The celebrated Freenix track again assembles the gurus of Open Source computing including presentations from FreeBSD, NetBSD, IBM Linux Technology, Linuxcare, and VA Linux. Dedicated to all things open source, the Freenix track features Keith Packard of SuSE and the Xfree86 Core Team, discussing Graphics and the X Render Extension. Timothy Fraser, Robert M. Watson, and Peter Loscocco discuss Linux system integrity, flexibility, and security through the use of LOMAC and TrustedBSD. The Kernel session touches on KQueue, a scalable notification system, offers tips on improving FreeBSD SMP Implementation, and discusses Linux 2.4/2.4 Virtual Memory Management.
“USENIX presents the rare opportunity to see inside the hearts and minds of the people at the foundations of open source computing. How designs are created and how software is built—even the messy parts—are presented for the community to share and grow together,” says Keith Packard, who is part of three USENIX 2001 presentations. “USENIX talks will present open source technologies driving the Internet today, along with obscure research topics which may well become the TCP/IP of tomorrow.”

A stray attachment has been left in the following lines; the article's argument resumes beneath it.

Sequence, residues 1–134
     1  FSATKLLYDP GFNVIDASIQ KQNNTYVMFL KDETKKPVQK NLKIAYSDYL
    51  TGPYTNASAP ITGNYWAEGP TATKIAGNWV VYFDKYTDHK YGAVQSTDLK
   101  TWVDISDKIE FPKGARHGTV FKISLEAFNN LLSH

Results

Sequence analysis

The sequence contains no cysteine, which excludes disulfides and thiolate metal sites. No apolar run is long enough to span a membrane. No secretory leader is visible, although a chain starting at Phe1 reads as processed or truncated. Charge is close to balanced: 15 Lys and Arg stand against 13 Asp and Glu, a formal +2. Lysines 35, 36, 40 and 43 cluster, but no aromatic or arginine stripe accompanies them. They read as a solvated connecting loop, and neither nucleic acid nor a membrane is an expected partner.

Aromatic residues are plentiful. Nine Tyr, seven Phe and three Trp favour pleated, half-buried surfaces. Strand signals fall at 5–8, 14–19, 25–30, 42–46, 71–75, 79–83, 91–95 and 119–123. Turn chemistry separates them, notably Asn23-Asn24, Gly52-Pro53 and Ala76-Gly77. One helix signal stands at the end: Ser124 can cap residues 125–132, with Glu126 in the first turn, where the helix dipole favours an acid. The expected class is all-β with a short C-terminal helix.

The USENIX Annual Technical Conference is also notable for it intensive tutorial classes taught by industry gurus. Practical and immediately applicable, tutorials train professionals to master techniques and technologies in system administration, networking, security, cryptography, Perl, Sendmail, Solaris, Samba, LDAP, UNIX, Linux, wireless technology, and the Web.
Attendees have ample opportunities to meet the industry’s movers and shakers. The conference’s two-day exhibition showcases over 60 corporate leaders, including sponsors EMC, Inc and IBM, as well as Compaq, Microsoft, Microway, Addison-Wesley, Prentiss Hall, Sendmail, and ActiveState, exhibiting their products and services in the two-day Exhibition. Evening receptions and informal sessions round out the conference experience and include the ever-popular Birds-of-a-Feather evening sessions, where attendees gather around topics of their choice and network with like-minded peers and experts. USENIX’s unique, tongue-in-cheek Game Show is a hilarious look at the gathered community and a not-to-be-missed Thursday night event.